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Parasites in the Heartland?

May 22, 2002

Tags BiographiesBig GovernmentPolitical TheoryOther Schools of ThoughtPhilosophy and Methodology

Paul Krugman has put out a clever analysis of the demographics of the "blue" and "red" states (New York Times, May 7, 2002). His analytic knife, however, doesn’t cut deeply enough to get to the truth of the matter. Krugman alleges that "the heartland" states--the red, pro-Bush states--have more crime, divorce, single moms and net-tax eaters than the blue (pro-Gore) states: "Over all, blue America subsidizes red America to the tune of $90 billion or so each year." Krugman doesn’t cite sources for these statistics, which is not uncommon in op-ed pieces. I am prepared to assume that these statistics are true for the purposes of this article.

What happens if we look, not at red and blues states, but at cities and counties? The most murderous cities are blue--Detroit, Atlanta, and St. Louis, for example. The rural and upper-scale suburban counties that went for Bush tend to have lower murder rates. All this is very obvious, and one wonders why Krugman thought no one would call him on it. In general, there is an inverse relation between the murder rate and the Republican vote. The places with the fewest Republican votes--such as the inner city--have the highest rates of murder. Focusing on states as opposed to localities obscures this obvious fact.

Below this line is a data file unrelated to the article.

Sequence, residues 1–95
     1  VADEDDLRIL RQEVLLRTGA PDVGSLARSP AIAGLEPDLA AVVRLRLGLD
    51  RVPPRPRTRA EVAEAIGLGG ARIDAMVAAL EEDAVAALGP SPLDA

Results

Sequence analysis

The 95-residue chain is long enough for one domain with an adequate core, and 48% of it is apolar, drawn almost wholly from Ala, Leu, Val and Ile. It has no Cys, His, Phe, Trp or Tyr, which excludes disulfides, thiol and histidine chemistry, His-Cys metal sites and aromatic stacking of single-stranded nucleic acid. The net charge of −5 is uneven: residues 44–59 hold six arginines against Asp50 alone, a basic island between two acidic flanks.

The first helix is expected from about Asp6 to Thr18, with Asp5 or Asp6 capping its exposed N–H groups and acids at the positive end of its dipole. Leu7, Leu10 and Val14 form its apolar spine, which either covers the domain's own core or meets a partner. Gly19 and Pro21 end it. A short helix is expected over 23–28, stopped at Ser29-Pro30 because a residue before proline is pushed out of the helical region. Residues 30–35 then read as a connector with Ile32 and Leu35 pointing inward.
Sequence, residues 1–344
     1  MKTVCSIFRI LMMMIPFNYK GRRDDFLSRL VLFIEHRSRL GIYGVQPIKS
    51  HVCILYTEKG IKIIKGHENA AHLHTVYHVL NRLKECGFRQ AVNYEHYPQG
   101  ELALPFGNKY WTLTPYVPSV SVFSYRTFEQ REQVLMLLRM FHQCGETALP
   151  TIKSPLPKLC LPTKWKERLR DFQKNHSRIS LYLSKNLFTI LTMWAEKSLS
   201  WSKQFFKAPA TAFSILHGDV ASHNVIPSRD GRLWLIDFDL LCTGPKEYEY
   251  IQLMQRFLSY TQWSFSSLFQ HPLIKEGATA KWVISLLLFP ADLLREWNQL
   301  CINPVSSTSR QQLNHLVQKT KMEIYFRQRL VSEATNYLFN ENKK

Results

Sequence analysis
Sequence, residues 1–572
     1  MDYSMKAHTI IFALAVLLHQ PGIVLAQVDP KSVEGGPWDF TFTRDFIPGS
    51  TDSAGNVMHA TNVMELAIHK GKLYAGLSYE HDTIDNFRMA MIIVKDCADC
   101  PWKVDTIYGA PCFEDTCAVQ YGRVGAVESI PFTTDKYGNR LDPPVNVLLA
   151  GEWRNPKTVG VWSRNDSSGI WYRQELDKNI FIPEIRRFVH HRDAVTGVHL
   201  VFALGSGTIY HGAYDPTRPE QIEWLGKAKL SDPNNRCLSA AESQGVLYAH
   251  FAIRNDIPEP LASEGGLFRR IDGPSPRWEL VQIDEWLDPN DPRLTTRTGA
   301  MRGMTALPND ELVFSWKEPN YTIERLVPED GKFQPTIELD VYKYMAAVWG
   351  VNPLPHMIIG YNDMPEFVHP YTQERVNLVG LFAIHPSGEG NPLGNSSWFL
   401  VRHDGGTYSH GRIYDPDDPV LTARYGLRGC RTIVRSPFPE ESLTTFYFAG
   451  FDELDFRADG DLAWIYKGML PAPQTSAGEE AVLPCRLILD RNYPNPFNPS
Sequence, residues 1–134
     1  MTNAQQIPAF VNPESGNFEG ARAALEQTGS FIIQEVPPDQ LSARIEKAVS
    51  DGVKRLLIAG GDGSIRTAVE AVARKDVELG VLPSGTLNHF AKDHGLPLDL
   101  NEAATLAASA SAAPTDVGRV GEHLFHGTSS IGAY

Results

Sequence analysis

As for divorce, ready statistics correlating with voting patterns are not available. However, I do recall that Bush got the married-with-children vote, while Gore got the single-mom vote. Bush got the practicing Catholics, while Gore got the nominal Catholics. Somehow, I find it hard to believe that Bush won the serial divorcee vote.

Krugman claims red states have more out-of-wedlock births. How can this be?  Bush won 54 percent of the white vote, 9 percent of the black vote and 35 percent of the Hispanic vote. These numbers are reversed for out-of-wedlock births: white--27 percent; black--69 percent; Hispanic--42 percent. You do the math.

Finally, Krugman implies that the Bush voters were on the dole, while Gore voters were paying the freight. Krugman never decries the redistribution of wealth as such. His only concern is the alleged hypocrisy of the reds in thinking they are "morally superior to the rest of the country." Again, looking at the situation at the state level distorts reality. Bush voters were much wealthier than Gore voters. Most tax revenue comes from wealthier people. If red states are subsidized by blue states, the only rational explanation is that red persons in blue states are subsidizing blue persons in red states.  

I find the heartland not guilty of the charge of hypocrisy. I also find one New York Times columnist guilty of mendacity--or perhaps mere ignorance. Mr. Krugman may not realize that the heartland is not a place but a way of life.


James Ostrowski practices law in Buffalo, N.Y. See his Mises.org Articles Archive and send him MAIL.


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